I’ve had more than one client come to me recently to say that the website I designed for them isn’t quite doing what they want it to do.
Although they didn’t come out and say it, I couldn’t help but feel like they were disappointed and they felt that their website was broken.
In contrast to their mood, I’m often delighted—and not because it’s an opportunity to charge them, but because this is what I expect to happen with every web project—through adding more content and using the website, the client has come to realise more explicit requirements and higher ambitions.
The fallacy of v1
To be totally honest—as inspired as I am—I never really enjoy building ‘version 1.0’ websites.
The unfortunate truth is that ‘version 1.0’ of a website never quite knocks it out the park because there’s so much groundwork to cover and so many unknowns. Clients rarely have all the content they need; they’ll change course mid-way through the project; the design takes a while to come together because we have different ideas; often the budget runs out, and so I don’t have the polish time I’d like.
Instead, I look forward to version 2; or heck even version 1.1.
Once we’ve built your initial site we can start laying on some polish; things are much clearer, we can make up for the course correction that came out version 1, and I can fix all the little niggles.
I feel the same about my website, honestly. Even now as I write this post, I am reluctant to publish it before I improve my site. But I know this post will look better soon, when I get the chance to improve things.
In contrast, in my experience clients tend to think of their website as a ‘one-off’ that they rip apart every three years or so, only to get re-built. I’m writing this blog post to try and convince them otherwise (if they’re reading!).
Take the iPhone as a good example—let’s compare the original 2007 iPhone to the 2017 iPhone ‘X’. The product is still fundamentally the same—rounded icons on the screen, fits in your pocket, makes phone calls, etc. —but they’ve slowly polished it over the years to great effect.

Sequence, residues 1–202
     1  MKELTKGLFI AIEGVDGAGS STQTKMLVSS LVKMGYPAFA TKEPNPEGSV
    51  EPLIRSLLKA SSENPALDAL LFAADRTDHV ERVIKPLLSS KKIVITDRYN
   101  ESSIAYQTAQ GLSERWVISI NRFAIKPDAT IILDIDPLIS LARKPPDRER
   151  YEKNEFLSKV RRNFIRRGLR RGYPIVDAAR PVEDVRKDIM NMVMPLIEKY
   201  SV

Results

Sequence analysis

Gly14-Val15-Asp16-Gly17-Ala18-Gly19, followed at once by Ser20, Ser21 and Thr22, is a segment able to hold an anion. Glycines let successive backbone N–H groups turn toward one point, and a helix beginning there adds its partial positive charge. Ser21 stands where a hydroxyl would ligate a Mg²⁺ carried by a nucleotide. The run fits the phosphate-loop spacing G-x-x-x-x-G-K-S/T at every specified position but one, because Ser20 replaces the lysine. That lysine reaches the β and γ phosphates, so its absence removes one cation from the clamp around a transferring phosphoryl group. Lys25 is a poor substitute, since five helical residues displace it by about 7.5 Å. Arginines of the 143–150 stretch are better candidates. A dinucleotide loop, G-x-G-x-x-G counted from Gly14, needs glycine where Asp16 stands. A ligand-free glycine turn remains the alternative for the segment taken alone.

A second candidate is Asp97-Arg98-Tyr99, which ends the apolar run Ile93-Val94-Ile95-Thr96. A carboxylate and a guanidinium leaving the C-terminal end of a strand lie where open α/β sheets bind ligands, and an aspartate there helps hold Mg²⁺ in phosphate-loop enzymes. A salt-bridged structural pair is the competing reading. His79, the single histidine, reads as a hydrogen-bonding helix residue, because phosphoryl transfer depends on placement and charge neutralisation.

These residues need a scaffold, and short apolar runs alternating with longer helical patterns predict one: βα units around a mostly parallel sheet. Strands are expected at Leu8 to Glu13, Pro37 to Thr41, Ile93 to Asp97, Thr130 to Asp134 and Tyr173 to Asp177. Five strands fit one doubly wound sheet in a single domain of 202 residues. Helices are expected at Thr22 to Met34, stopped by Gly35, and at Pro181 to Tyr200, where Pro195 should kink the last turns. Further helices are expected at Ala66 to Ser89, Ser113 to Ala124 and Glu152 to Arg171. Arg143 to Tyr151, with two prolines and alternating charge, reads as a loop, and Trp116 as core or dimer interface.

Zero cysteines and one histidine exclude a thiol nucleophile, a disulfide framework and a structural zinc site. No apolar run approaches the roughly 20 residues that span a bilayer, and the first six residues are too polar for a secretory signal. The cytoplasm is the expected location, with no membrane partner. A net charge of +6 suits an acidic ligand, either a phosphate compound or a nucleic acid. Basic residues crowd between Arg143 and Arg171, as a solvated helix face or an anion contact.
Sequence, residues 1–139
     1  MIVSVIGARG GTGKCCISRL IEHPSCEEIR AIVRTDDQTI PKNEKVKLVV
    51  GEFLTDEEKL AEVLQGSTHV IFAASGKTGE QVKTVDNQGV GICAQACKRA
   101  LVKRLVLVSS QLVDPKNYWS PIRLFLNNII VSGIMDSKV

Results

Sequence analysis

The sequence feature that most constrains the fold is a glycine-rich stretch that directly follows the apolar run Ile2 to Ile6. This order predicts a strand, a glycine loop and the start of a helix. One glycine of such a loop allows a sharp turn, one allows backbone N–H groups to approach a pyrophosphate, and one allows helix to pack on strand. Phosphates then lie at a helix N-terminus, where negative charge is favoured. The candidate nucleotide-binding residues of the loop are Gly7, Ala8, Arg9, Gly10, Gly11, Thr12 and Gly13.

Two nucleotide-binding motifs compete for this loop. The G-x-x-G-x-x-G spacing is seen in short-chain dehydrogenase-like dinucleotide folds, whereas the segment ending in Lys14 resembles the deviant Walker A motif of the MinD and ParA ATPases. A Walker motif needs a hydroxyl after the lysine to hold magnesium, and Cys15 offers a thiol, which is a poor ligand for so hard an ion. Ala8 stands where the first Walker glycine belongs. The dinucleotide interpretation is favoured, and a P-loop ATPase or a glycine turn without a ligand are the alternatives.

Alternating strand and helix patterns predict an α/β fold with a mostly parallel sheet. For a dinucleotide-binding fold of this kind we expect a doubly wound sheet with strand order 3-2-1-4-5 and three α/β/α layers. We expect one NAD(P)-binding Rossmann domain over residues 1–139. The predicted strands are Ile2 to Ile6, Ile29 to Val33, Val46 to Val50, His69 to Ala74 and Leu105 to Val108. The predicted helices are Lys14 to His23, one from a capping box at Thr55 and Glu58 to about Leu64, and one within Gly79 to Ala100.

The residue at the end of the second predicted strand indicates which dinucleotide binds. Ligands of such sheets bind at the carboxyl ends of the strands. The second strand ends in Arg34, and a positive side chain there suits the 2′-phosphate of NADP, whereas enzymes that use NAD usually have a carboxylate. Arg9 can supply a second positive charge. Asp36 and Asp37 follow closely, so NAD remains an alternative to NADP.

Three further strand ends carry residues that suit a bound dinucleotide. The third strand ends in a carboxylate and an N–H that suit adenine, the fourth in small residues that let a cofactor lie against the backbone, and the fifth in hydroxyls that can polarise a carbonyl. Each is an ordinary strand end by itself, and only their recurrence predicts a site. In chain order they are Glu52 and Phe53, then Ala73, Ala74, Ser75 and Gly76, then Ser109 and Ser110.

Apple doesn’t throw the baby out with the bathwater; they refine.
Updating your website is like upgrading your iPhone—do it regularly and make incremental improvements.
Don’t abandon your investment
And so the most disappointing thing is when I build a website for a client, and I revisit it a couple of years down the line, only to see it replaced by something completely different. What a waste!
And this isn’t a personal/emotional thing—I just think it’s a total waste of money.
I tend to write down a ton of ideas for improvements and new features towards the end of the project. If only they’d commissioned a v2 of their current website. Maybe the client didn’t think long-term, or perhaps they kept quiet about what they didn’t like, or they mistakenly thought ‘version 1’ was my complete and total vision for the website.
What really baffles me is when a client replaces my custom designed-and-developed website with some awful standard WordPress template, which has all sorts of performance problems, and a totally generic design, making their brand seem like a fly-by-night.
If you’ve done this before, or are teetering on the edge of doing it, instead of taking the ‘rip-it-down’ approach, I urge you to have an honest conversation with your web designer. If you come to them with a budget, they’ll be more than happy to improve things, and won’t get defensive about what’s already there. As a web designer, I expect your website will be an ongoing conversation, to be critiqued and re-imagined, and so should you.
My dream is for a client to come to me out of the blue and say ‘you built this website for me a year or two ago. It’s working ok but I’ve had a good year and want to re-invest. I’m not sure how to improve it, but here’s my budget—do you have some ideas?’